"Buenos dias", "buenas noches" -- this was the first words in a foreign language I heard in my life, as a three-year old boy growing up in developing post-war Western Germany, where the first gastarbeiters had arrived from Spain. Fascinated by the strange sounds, I tried to get to know some more languages, the only opportunity being TV courses of English and French -- there was no foreign language education for pre-teen school children in Germany yet in those days. Read more
To find some answers Tim Machan explores the language's present and past, and looks ahead to its futures among the one and a half billion people who speak it. His search is fascinating and important, for definitions of English have influenced education and law in many countries and helped shape the identities of those who live in them.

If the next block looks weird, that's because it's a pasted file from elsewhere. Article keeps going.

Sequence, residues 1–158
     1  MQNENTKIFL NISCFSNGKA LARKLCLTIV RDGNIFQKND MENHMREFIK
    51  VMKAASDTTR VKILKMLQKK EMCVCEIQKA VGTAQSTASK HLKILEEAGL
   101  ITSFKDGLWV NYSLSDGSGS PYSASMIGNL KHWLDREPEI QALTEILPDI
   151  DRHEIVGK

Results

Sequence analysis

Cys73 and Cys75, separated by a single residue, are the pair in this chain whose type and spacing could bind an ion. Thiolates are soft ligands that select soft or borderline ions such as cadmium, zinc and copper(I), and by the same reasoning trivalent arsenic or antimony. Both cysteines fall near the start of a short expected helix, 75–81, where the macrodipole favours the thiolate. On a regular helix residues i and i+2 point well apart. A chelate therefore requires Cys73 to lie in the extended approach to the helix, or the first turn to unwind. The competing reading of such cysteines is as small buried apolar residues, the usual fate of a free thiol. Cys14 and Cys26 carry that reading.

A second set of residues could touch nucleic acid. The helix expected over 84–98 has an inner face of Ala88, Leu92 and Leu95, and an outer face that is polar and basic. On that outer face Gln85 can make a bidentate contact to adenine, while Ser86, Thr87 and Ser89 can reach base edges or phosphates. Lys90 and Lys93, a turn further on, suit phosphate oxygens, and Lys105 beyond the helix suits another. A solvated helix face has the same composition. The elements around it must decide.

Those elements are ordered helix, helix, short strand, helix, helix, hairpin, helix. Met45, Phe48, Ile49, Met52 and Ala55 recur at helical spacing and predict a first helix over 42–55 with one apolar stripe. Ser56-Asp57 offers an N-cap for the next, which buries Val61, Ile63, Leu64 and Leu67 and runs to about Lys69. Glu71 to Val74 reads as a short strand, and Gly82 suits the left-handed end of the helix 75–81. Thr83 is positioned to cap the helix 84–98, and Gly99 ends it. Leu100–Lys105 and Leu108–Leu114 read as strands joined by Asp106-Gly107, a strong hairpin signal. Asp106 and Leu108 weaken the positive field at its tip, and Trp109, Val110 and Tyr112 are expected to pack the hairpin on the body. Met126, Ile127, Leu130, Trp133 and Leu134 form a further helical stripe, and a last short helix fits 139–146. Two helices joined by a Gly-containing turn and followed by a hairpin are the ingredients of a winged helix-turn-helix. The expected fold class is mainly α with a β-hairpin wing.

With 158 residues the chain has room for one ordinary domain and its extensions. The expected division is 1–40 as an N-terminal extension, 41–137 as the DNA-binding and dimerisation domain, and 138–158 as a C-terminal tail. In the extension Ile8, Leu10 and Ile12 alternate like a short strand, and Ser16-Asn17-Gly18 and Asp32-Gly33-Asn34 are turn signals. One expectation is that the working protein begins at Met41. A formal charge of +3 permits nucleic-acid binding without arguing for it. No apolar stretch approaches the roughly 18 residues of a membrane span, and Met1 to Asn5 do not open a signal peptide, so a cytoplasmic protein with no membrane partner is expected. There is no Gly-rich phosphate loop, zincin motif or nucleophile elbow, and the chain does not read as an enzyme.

This volume provides a new perspective on the evolution of the special language of medicine, based on the electronic corpus of Early Modern English Medical Texts, containing over two million words of medical writing from 1500 to 1700.
Safir's monograph develops a theory about the role of anaphora in the formulation of general syntax. He presents the following proposals: firstly, that the complementary distribution of forms that support anaphoric readings is not accidental; secondly, that dependent identity relations are always possible where they are not prohibited by a constraint; and lastly, that there are no parameters for anaphora - that all anaphora-specific principles are universal, and that the patterns of anaphora across languages arise entirely from lexical properties. The goal of this thoroughly comprehensive look at the phenomenon of anaphora is to fundamentally redirect current thinking on the subject.